IDF uses Facebook to catch women lying their way out of the army
Military official says investigators used the popular social networking site to uncover 1,000 women who told IDF enlisters they were religious to avoid mandatory service.
The Israel Defense Force says its monitoring of Facebook has helped catch 1,000 women lying about their religious background to avoid serving.
Israeli military service is largely compulsory, but religiously observant Jewish women can be exempted from service.
The army hired investigators two years ago to help stem the increase of draft dodgers and have used Facebook to find evidence of those women lying to avoid conscription.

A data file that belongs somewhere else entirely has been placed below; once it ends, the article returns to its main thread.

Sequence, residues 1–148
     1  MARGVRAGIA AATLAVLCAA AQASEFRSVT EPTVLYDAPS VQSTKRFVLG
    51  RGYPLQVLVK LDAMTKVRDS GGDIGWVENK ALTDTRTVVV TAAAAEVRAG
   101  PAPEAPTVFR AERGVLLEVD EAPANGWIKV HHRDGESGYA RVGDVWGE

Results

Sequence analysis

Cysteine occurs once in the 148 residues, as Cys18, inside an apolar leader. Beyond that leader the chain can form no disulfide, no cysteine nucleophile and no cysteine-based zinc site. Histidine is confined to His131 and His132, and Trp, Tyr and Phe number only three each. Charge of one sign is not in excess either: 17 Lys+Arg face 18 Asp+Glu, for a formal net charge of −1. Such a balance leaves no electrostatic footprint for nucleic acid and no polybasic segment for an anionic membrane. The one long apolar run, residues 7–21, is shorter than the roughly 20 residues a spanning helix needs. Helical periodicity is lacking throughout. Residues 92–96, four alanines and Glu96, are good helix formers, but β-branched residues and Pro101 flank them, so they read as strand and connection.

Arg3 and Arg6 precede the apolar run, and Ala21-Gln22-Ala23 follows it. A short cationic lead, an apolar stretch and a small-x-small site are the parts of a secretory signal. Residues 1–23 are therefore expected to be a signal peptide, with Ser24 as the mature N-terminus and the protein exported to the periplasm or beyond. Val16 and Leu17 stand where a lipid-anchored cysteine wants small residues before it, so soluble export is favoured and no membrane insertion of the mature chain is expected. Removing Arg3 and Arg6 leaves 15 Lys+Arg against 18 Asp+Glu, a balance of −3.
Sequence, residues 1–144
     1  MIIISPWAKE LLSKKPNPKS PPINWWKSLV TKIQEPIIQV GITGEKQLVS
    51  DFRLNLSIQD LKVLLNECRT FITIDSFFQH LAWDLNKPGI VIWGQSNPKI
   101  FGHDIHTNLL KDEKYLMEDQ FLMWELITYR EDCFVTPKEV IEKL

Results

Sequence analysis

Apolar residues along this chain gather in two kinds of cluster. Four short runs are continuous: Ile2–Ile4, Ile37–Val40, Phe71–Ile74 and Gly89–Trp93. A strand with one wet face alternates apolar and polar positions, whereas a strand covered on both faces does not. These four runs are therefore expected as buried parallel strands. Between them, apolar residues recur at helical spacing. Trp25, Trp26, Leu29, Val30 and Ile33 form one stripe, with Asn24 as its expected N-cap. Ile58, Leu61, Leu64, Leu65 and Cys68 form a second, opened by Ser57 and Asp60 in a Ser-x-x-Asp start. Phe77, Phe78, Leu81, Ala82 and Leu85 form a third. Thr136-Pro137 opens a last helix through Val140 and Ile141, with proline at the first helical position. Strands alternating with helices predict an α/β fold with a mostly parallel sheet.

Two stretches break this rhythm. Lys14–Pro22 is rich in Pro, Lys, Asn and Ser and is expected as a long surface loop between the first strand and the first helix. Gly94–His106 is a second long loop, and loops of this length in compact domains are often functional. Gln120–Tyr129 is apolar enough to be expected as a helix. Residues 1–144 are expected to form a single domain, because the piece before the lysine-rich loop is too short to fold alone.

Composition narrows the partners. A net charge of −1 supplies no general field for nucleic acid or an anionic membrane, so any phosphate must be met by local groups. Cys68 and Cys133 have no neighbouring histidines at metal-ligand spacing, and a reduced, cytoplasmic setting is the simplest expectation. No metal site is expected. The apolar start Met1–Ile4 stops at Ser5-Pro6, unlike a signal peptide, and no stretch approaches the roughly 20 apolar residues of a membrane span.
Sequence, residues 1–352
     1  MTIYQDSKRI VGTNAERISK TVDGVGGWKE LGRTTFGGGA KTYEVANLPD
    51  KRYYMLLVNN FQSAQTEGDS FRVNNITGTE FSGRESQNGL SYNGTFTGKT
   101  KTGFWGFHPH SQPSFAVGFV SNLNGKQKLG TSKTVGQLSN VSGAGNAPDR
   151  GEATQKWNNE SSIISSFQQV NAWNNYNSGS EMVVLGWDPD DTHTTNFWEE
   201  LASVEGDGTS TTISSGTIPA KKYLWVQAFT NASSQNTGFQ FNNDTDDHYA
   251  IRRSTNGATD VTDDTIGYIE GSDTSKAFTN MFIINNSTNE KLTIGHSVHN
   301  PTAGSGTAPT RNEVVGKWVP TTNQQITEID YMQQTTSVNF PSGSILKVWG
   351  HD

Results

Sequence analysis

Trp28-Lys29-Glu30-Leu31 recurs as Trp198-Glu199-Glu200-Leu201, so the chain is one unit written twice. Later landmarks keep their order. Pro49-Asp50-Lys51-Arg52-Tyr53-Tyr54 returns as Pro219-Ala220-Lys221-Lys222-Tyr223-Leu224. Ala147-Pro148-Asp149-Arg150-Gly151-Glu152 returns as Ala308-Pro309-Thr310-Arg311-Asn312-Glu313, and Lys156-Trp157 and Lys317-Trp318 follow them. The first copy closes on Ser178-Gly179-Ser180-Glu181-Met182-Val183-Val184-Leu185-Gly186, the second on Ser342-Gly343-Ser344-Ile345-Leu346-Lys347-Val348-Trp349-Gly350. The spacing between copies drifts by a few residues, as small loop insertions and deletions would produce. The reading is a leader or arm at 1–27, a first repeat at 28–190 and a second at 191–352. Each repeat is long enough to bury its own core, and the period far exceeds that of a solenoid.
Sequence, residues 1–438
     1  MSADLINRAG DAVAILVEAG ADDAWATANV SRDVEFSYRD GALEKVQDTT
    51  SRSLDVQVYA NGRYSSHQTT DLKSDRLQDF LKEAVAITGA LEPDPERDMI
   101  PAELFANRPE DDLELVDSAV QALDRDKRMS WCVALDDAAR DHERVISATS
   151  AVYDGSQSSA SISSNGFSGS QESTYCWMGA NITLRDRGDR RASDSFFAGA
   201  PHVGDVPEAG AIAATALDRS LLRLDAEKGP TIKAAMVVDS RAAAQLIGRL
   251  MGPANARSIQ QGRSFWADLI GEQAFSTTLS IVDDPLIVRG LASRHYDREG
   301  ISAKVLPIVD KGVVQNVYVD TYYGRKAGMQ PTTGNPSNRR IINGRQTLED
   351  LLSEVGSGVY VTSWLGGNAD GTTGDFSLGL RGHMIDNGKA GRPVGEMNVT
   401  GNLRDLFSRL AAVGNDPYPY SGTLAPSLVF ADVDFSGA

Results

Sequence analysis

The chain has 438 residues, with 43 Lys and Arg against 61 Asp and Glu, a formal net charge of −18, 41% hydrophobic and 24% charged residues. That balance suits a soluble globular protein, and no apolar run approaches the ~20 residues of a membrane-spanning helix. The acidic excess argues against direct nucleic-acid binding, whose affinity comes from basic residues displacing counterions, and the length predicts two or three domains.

A military official said Monday that one woman who said she was a religious Jew posted a photo of herself on Facebook holding a menu from a non-kosher restaurant. Another updated her profile on the Sabbath.
All were brought back to duty.
The IDF has already made use of the popular social networking site to monitor potential security leaks with the founding of a special Intelligence Corps unit earlier this year.
The crackdown was a product of the Second Lebanon War and the conclusions of the Winograd Committee, among other things.
The official IDF weekly Bamahane announced that the investigative division had been established within Military Intelligence's Department of Information Security.
Members of the unit scan Web sites including Facebook and MySpace, and the Twitter short-messaging service.
In addition, the unit reviews transcripts of hundreds of senior officers' conversations, to ensure they are not speaking to journalists without authorization.
The new unit will be allowed to give polygraph tests to soldiers and officers suspected of leaking information.